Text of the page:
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sump pump issues

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  • sump pump issues

    I recently replaced a sump pump. I purchased a 1/3 HP submersible sump pump made by Coleman. It replaced a 1/3 Craftsman pedistal unit, in which the float failed. A few questions:

    1. Our sump pump basin is made of concrete and is of standard size. The two drain tiles that come into the basin are fairly low in the basin. The bottom of the titles come in at about 5 inches from the bottom of the pit. The old sump pump never was able to draw water out below the tiles and therefore water always remained in the tiles. There is no evidence of any water damage in the basement however. The Coleman unit I purchased clicks on when there is about 8 inches of water and clicks off at about 5 inches, which just barely gets us below the tile. We've had some rain in the area and the new sump is cycling every 10 minutes or so. There is no float adjustment on this new submersible pump. Since the drain tiles are so low, should I have considered buying a pedistal pump, in which I could have let the water get a little higher before kicking in the sump? It doesn't seem like the new pump takes out a lot of water with each cycle. I worry about burnout. The lift head is about 10 ft, but then the discharge pipe travels to the other end of the basement, probably 25 feet or so, making a few turns before discharging out of the house. Why they just didn't discharge the sump out the back of the house I don't know. Instead they made an obstacle course for it to get out the front. Bad part is the old galvanized discharge piping is only 1 inch diameter and having drywall downstairs, wouldn't be easily replaced with a larger diameter.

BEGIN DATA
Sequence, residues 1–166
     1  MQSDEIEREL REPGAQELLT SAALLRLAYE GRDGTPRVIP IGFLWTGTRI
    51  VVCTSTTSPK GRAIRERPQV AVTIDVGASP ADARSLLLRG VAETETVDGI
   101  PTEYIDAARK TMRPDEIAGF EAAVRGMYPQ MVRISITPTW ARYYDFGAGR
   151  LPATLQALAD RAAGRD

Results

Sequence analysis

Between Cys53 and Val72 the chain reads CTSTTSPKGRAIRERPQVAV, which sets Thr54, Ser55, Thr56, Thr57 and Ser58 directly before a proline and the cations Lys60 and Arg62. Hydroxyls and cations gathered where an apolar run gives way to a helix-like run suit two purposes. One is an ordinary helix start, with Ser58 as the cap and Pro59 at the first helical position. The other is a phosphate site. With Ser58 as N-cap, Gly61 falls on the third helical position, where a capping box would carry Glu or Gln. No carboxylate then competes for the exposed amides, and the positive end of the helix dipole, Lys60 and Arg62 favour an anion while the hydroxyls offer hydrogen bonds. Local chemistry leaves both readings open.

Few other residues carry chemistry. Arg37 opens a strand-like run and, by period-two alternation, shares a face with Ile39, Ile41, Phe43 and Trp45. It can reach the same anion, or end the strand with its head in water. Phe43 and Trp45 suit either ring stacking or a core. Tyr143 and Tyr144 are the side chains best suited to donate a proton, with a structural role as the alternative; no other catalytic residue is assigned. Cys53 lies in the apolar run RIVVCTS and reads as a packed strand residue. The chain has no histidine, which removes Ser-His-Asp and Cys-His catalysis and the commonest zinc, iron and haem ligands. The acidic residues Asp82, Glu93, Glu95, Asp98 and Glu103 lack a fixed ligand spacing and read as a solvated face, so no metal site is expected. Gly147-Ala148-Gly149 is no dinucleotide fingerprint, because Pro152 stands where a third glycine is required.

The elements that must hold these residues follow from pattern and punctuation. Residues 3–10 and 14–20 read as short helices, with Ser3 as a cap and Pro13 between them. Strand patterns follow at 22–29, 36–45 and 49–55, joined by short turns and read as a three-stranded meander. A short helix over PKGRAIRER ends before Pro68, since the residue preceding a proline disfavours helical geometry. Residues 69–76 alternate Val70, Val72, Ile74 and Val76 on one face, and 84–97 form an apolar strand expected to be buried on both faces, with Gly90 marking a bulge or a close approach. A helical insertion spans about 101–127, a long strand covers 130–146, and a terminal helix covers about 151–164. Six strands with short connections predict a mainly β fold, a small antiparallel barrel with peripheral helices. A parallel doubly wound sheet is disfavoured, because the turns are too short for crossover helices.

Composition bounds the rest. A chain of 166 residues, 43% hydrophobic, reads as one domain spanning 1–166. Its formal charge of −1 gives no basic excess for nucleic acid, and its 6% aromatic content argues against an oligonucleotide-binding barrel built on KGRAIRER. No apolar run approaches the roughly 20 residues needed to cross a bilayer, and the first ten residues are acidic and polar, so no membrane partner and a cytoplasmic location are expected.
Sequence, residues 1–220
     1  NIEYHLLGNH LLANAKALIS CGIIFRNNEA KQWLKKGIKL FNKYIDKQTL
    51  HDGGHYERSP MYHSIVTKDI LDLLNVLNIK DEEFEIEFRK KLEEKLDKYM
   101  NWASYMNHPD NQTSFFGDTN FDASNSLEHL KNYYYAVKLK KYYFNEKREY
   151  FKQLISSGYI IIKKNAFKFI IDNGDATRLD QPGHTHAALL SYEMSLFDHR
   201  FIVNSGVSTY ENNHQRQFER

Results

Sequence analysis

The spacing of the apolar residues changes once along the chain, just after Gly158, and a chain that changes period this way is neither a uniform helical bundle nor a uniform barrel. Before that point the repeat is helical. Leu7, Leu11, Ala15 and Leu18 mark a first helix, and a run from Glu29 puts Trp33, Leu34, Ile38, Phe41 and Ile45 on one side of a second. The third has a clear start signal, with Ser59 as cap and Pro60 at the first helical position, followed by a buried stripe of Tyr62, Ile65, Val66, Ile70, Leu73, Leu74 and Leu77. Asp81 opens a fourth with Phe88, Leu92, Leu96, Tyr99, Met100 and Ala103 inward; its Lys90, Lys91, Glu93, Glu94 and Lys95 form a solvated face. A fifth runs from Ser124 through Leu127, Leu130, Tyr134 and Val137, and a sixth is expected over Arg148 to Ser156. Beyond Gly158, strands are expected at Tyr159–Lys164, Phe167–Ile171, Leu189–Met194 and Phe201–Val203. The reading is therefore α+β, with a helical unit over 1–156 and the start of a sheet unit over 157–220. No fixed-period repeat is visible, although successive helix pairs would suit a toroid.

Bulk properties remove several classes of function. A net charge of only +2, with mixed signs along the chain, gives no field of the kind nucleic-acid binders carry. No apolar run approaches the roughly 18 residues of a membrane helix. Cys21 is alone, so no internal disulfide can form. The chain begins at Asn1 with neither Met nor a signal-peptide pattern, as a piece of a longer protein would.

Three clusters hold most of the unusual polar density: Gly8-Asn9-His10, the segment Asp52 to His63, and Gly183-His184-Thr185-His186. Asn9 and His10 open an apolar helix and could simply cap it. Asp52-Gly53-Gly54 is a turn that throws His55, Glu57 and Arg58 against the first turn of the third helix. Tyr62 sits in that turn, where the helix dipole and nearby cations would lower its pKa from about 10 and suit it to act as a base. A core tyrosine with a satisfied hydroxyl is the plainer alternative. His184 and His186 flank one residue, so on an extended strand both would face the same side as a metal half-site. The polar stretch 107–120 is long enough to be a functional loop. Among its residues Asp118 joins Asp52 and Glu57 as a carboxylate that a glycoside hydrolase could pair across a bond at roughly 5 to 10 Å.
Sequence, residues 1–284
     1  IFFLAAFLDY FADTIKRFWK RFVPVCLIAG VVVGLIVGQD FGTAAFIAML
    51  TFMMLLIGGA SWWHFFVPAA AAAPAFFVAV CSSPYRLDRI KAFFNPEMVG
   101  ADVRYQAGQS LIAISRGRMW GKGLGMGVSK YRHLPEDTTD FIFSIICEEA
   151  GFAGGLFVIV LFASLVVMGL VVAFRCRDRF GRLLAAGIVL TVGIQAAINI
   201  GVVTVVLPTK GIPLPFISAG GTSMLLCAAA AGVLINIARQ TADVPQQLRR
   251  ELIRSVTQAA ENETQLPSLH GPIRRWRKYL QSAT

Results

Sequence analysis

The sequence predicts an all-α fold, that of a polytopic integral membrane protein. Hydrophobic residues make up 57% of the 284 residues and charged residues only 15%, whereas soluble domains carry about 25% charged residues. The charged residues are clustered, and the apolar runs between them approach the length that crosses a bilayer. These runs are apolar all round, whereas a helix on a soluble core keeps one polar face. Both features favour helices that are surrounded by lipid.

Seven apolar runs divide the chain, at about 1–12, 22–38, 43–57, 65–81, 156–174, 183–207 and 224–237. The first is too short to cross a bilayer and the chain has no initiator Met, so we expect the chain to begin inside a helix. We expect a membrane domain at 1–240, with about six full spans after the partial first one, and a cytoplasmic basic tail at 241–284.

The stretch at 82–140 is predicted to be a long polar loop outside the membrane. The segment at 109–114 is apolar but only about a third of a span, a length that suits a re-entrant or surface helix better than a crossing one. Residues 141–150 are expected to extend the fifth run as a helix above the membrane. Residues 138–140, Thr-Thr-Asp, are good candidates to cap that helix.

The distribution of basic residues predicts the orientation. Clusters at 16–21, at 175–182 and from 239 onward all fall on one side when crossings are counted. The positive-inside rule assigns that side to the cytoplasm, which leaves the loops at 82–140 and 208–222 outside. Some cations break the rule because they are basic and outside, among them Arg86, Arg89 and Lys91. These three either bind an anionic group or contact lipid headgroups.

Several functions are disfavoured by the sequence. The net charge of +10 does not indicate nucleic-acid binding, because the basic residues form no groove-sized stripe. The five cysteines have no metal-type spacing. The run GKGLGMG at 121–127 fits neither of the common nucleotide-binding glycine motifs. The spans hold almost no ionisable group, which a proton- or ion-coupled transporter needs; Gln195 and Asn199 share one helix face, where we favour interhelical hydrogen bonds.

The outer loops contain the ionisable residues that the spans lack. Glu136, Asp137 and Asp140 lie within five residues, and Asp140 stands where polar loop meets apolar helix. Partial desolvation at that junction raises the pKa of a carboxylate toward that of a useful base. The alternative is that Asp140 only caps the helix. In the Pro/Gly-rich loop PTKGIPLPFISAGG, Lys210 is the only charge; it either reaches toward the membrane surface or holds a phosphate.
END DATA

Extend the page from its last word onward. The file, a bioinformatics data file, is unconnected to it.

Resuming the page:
2. On the instructions to the new Coleman submersible, it said to drill a 3/16 inch air bleed hole on the PCV discharge pipe between the check valve and the pump. The instructions weren't very good and I drilled the hole above the water line. Problem is when the pump kicks on now, water sprays everywhere. Do I need to have this air bleed hole? If so, where on the discharge line should it be?


  • #2
    Re: sump pump issues

    the pupose of the air hole is to prevent an air lock and should be drilled about six inches above where your discharge pipe connects to the pump, also your check vavle should be as low as you can get it but still able to service pump or disconnect, discharge piping should really be at least 1-1/4 inch but 1 1/2 wolud be air hole is drilled below check valve.


    • #3
      Re: sump pump issues

      I have a similar kind of setup regarding pipes running through the crawlspace for about 25 feet. My problem I discovered was that the back yard is graded so that the water ends up collecting back at the foundation wall when it really rains hard. I now discharge out the front/side and in the Winter I attach a 4.5 inch 10 feet log piece of draintile so it does not freeze.

      Regarding the pump issue, I have tried a number of them, Flotek, Ridgid and Sears, I now have a Zoeller model 98 and it's great, quiet, does not run as often as my old pump. Takes quite a lot of water out on it's pump cycle.

      Oh, and I have a 'Big Dog' battery back-up on a separate discharge line that does go out the back yard.

      I have my air hole about four-five inches above the pipe discharge joint on my pump.